X-Files Flashback: ‘Patience’

Patience

Season 8, Episode 3
Director: Chris Carter
Writer: Chris Carter

It’s surprising that “Patience,” The X-Files‘ return to the “monster of the week” stories that have been so popular in the past, was written and directed by series creator Chris Carter. Carter’s previous directorial efforts have displayed both a quirky visual style and sophisticated verbal prowess. I’m thinking first and foremost of his “Post-Modern Prometheus” which called back to the great German expressionist cinematography and art direction of the 1930s. That, even with its minor flaws and overreaching, displayed an enthusiasm and sense of joy for crafting quality television. None of those qualities are present in “Patience.”

The episode begins as an undertaker comes home, smelling of formaldehyde, to his sleeping wife after addressing a recently discovered body. As he undresses on the porch, he is attacked by a mysterious bat-like creature who then quickly moves on to his wife. Scully and Doggett are called in to investigate as he experiences his very first X-File as her new partner in Mulder’s absence. As they work, the bat-like creature takes other victims, including a local detective. Doggett’s discovery of a local newspaper clipping from the 1950s shows the body of a man-bat after it had been killed by local hunters. The newspaper allows a connection between the creature a other local residents all of whom have a scent that the bat can track. In the end, Scully is attacked by the bat due to her close proximity to one of the men originally responsible for killing a similar creature in 1956. She and Doggett eventually shoot it enough times to force it to fly away. Back in D.C., Scully agrees to provide Doggett a desk in Mulder’s former basement office.

“Monster of the Week” stories are only as good as the monsters they feature. “Home” and the Fluke Man are two of the most famous examples of the sub-genre. But, here, in “Patience,” the man-bat creature lacks a compelling reason for existing in the first place. The makeup used to render the monster is fake-looking. The effects used to show the man-bat flying through the air are fake-looking. As such, there is little investment, little connection, to the episode. There are moments of creepiness thanks to near-dark sets and some atmospheric settings, but the creature simply doesn’t capitalize on any of it. Carter’s best contribution to the episode is the shepherding of some truly fantastic cinematography where, even if the monster doesn’t warrant much attention, the camera work surely does.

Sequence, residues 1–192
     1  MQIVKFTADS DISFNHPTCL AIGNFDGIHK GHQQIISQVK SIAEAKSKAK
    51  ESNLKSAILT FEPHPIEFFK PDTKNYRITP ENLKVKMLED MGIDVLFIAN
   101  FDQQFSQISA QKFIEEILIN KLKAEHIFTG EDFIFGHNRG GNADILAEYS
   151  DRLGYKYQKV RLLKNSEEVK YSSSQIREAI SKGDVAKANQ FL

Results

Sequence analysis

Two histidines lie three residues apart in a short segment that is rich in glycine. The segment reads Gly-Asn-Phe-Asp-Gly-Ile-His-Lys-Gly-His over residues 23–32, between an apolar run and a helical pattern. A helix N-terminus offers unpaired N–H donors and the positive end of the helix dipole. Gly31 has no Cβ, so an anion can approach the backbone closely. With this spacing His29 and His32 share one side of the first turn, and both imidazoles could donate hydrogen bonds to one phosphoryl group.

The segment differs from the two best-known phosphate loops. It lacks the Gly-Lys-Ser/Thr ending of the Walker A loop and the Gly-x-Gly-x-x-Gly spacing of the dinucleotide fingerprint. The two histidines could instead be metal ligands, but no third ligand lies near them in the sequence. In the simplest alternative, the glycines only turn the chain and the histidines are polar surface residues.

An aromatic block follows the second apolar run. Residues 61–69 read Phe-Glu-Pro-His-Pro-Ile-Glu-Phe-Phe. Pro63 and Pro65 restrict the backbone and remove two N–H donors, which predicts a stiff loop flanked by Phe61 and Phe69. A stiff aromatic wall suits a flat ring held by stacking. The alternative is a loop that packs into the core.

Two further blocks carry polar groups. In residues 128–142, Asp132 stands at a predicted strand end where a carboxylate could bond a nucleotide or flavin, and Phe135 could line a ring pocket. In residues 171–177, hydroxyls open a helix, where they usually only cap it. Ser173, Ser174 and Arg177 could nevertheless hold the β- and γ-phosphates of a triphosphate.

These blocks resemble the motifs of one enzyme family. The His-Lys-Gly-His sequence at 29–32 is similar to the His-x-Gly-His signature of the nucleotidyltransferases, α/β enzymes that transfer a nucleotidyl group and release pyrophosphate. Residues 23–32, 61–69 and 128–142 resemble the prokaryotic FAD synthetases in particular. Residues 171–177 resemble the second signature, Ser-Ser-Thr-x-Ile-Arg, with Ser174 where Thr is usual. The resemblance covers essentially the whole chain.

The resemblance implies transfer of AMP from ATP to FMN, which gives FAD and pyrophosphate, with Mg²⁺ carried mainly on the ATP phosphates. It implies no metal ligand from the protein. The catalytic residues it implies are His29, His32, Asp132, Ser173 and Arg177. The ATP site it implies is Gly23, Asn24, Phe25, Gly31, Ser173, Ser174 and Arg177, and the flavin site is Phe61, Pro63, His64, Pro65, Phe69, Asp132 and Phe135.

Further saddling the episode are the completely unnecessary connections between the man-bat and his victims, and the hammy acting by some of the major supporting players. Robert Patrick as John Doggett continues to be a flat and unengaging presence in the series, although he does seemingly begin to engage with the paranormal activity in the midst of the episode. Still, his line delivery and overall presence continues to be such a drag on the overall proceedings. With underwritten and poorly conceived episodes like this one, we truly need someone who can cut through the crap with wit and a sense of humor. Despite their immense talents, no remaining actor on the show can work wonders with such a poorly conceived script. Watching the episode, I kept imagining how it would have been far more interesting to incorporate the legendary tabloid fodder bat-boy in the episode. That would have more for a significant improvement over this creature – less family ties and more creep.

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